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Climate pp 67-88 | Cite as

Multiple Dimensions of Vulnerability and Its Influence on Adaptation Planning and Decision Making

  • L. D. Mortsch
Conference paper
Part of the NATO Science for Peace and Security Series C: Environmental Security book series (NAPSC)

Abstract

Adaptation is an adjustment in natural or human systems that moderates harm or exploits beneficial opportunities from climate change. Well-informed adaptation planning and decision making require information that extends beyond the natural domain to the human dimensions of climate change. Understanding the sensitivity to climate of people, communities, economic activities, or regions as well as the capacity to adapt provides insights into vulnerability or the potential for loss. This chapter explores vulnerability assessment and its influence on adaptation. First, a review of two chapters from the Intergovernmental Panel on Climate Change (IPCC) Fourth Assessment Report (AR4) provides background on vulnerability at the global and regional scale. The criteria developed to define vulnerabilities as “key” and the resultant regional vulnerabilities are reviewed. Water resources, food supply, coastal areas, human health, and ecosystems consistently emerge as vulnerable sectors. The section on North America demonstrates that developed countries have vulnerabilities to climate change—as well as adaptive capacity and adaptation challenges—not just developing countries. Examples are drawn from marine coastal areas. Next, the chapter reviews conceptualizations of vulnerability assessment from the natural hazards and climate change fields. These insights are applied in a case study of urban flooding in downtown London, Ontario, Canada, in the Upper Thames River Watershed. Three approaches are used to map vulnerability: natural hazards analysis, emergency preparedness planning, and adaptive capacity assessment. The adaptive capacity approach uses three quadrants of a vulnerability domain that considers internal socioeconomic and biophysical properties that make a system vulnerable as well as external biophysical factors acting upon the community. It assesses those human dimensions that affect the ability to cope with and respond to flooding. These approaches to framing and assessing vulnerability provide different information to the adaptation planning and decision making process. Designing robust adaptive responses requires broader consideration of the dimensions of vulnerability and improved understanding of the factors shaping vulnerability—particularly the human dimensions—in order to increase resilience in light of a changing climate.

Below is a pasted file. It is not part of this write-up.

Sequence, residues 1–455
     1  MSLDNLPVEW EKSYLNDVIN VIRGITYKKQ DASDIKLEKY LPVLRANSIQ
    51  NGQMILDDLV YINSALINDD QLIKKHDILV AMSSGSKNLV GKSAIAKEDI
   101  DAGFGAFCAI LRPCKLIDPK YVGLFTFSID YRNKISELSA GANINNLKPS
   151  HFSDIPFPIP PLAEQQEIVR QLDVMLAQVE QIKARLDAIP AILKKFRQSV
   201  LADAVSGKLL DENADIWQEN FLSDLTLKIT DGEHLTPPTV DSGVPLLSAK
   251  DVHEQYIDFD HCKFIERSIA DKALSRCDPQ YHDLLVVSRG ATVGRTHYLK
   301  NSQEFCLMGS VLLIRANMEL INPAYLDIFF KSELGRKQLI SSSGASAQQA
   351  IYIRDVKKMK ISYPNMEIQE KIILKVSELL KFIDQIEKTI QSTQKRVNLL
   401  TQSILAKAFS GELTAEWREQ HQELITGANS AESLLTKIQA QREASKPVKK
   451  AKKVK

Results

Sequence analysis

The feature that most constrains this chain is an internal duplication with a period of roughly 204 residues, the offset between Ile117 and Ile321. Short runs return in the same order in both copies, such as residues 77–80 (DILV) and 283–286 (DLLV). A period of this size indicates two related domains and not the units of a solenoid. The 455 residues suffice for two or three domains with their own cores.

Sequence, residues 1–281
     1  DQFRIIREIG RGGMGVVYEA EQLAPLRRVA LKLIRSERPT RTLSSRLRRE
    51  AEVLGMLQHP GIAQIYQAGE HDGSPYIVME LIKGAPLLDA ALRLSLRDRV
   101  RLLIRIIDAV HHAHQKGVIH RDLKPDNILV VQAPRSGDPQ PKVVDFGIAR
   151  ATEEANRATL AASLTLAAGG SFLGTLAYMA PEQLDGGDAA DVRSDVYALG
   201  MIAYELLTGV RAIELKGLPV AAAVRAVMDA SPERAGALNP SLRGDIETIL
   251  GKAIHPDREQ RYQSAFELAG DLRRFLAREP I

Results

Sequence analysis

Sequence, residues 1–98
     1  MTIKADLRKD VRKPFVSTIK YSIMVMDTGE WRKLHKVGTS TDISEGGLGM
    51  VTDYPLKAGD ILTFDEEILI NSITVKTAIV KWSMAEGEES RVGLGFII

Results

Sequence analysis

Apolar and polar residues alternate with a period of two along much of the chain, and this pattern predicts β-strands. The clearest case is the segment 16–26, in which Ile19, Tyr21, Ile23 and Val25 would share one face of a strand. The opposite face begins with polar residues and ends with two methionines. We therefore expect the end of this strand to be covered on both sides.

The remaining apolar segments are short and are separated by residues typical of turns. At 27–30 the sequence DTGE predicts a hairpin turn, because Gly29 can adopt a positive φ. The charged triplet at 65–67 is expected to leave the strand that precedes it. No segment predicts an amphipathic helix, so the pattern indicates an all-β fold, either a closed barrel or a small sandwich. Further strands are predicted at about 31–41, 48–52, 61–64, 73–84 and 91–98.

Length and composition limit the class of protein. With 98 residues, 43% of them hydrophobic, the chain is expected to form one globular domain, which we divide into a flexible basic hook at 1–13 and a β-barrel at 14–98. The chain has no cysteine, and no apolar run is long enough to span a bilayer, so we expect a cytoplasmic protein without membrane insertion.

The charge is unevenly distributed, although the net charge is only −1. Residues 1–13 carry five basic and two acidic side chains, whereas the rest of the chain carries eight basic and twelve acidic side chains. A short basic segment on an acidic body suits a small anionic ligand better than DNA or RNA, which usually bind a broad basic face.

Keywords

Geographic Information System Adaptive Capacity Vulnerability Assessment Vulnerability Index Flooding Hazard 
These keywords were added by machine and not by the authors. This process is experimental and the keywords may be updated as the learning algorithm improves.

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Copyright information

© Springer Science+Business Media B.V. 2011

Authors and Affiliations

  1. 1.Adaptation and Impacts Research Section, Climate Research Division, Environment Canada, c/o Faculty of EnvironmentUniversity of WaterlooWaterlooCanada

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